The National Energy Act of 1978 included legislation to promote energy conservation, to shift towards alternative energy sources, to create a market for independent power producers, and to give the FERC greater authority over natural gas markets.  The Energy Policy Act of 1992 further opened electricity markets to competition; encouraged integrated resource planning by utilities; targeted improved energy management in federal agencies; promoted alternative transportation fuels; and required RD&D of technologies to enhance the production and efficient utilisation of renewable, fossil and nuclear energy resources.In 2005, a new comprehensive Energy Policy Act (EPAct 2005) was introduced as the successor to the 1992 Act. This was followed shortly after by the Energy Independence and Security Act of 2007 (EISA 2007). Together, these recent legislative packages substantially define the current US federal energy policy. The American Recovery and Reinvestment Act of 2009 (Recovery Act) is also noteworthy for having dramatically funding for many federal energy programmes.Biofuels represent another avenue for improving US energy security and have received strong policy support. Development of vehicles powered by alternative fuels and biofuel production were promoted by the 2005 EPAct, but EISA 2007 brought biofuels to the forefront of US energy security policy. EISA mandated a fivefold increase from previous biofuel use targets by 2022, requiring fuel producers to use a minimum of 136 billion litres (36 billion gallons), up from 34 billion litres (9 billion gallons) in 2008. To meet environmental objectives, from 2016, new biofuel production towards the mandated target is to be derived from cellulosic or other advanced biofuels that reduce lifecycle greenhouse gas emissions by at least 50%. Most of the new biofuel is to be produced domestically, and the target includes provisions to reduce the required volumes if costs are judged too high or supplies are inadequate. The Recovery Act sought to advance the commercialisation of electric vehicles by investing in facilities that manufacture batteries and other electric vehicle components. The government invested more than USD 2 billion in nearly 50 different electric vehicle and component manufacturing projects. Electric vehicles offer energy security benefits by shifting transportation energy demand from oil to electricity.Climate Action PlanIn June 2013, the United States announced its Climate Action Plan for steady, responsible national and international action to cut GHG emissions, based on three pillars: (i) cut carbon pollution in the United States; (ii) prepare the United States for the impacts of climate change; and (iii) lead international efforts to combat global climate change and prepare for its impacts. Each pillar in the plan consists of a wide variety of executive actions the president can take. The key mitigation elements are numerous:to cut CO2 pollution from coal-fired power plants by directing the US Environmental Protection Agency to establish carbon pollution standards for both new and existing power plants;to unlock long-term investment in clean energy innovation by making up to USD 8 billion in loan guarantee authority available for a wide array of advanced energy projects that use fossil fuels;to accelerate clean energy permitting by: directing the US Department of the Interior to permit 10 GW of renewables on public lands by 2020; setting a goal to install 100 megawatts of renewables in federally assisted housing by 2020; and deploying 3 GW of renewables in military installations;to expand the federal government’s Better Building Challenge to focus on helping commercial, industrial, and multi-family buildings become at least 20% more energy efficient by 2020;to reduce CO2 pollution by at least 3 billion metric tonnes cumulatively by 2030 through efficiency standards for appliances and federal buildings;to increase fuel economy standards by developing post-2018 fuel economy standards for heavy-duty vehicles;to leverage new opportunities to reduce pollution of hydrofluorocarbons (HFCs), direct agencies to develop a comprehensive methane strategy and commit to protect forests and critical landscapes.Energy Star (trademarked ENERGY STAR) is an international standard for energy efficient consumer products originated in the United States of America. It was created in 1992 by the Environmental Protection Agency and the Department of Energy. Since then, Australia, Canada, Japan, New Zealand, Taiwan and the European Union have adopted the program. Devices carrying the Energy Star service mark, such as computer products and peripherals, kitchen appliances, buildings and other products, generally use 20–30% less energy than required by federal standards. In the United States, the Energy Star label is also shown on EnergyGuide appliance label of qualifying products.On the Renewable Portfolio Standard and investement tax credit, please see the below section on regulatory framework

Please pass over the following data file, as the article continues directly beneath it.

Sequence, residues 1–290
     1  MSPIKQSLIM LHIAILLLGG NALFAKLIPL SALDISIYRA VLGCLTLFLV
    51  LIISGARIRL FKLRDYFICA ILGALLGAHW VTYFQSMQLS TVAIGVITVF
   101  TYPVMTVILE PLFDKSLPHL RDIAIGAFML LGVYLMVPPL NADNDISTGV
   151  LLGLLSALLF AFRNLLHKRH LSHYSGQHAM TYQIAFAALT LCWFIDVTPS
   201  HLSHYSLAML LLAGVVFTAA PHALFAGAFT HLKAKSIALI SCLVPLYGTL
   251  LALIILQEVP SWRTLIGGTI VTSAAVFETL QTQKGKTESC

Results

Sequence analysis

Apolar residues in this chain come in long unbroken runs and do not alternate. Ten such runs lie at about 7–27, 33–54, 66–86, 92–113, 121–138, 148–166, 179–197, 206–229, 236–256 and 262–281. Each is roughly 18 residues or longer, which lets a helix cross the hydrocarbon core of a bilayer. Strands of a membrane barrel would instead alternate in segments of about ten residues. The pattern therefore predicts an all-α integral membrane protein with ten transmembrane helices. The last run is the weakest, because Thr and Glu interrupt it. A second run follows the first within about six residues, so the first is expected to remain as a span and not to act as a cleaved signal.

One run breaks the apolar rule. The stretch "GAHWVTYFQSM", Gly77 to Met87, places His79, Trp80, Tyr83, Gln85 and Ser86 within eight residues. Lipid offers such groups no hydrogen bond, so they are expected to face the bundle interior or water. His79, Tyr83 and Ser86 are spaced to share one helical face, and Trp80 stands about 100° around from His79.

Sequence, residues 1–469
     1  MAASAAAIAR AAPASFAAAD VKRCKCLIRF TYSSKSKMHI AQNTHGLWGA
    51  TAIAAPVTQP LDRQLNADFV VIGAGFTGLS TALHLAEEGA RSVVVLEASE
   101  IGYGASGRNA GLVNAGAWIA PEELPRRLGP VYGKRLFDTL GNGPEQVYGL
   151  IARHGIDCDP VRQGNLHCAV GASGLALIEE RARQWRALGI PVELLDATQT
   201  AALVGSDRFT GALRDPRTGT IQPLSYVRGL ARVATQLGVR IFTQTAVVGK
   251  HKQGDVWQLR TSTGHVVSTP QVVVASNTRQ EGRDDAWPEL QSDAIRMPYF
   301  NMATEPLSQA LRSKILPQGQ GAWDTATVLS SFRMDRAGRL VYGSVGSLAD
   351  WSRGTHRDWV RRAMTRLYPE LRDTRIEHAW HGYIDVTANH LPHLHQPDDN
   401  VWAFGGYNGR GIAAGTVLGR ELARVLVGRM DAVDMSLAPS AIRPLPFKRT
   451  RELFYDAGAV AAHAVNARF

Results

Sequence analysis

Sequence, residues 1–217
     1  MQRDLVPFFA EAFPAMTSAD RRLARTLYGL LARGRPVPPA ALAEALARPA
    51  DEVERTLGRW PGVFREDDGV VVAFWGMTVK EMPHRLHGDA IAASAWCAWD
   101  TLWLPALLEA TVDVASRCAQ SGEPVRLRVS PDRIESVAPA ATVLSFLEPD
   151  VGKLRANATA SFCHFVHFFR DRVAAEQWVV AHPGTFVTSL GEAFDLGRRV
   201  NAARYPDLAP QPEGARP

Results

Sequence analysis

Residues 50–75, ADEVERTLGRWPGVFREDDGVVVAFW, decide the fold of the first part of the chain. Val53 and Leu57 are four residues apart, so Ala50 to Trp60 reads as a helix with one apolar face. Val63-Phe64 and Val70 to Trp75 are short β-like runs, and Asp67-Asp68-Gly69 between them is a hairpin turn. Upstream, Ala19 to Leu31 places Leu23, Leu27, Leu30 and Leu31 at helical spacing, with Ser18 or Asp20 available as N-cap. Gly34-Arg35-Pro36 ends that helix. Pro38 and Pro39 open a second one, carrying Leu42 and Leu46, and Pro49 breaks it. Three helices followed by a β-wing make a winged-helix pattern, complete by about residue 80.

Source
Static Source:
  • Sustainable Capital Advisors

    Type: 
    Organisation
    Country of registration: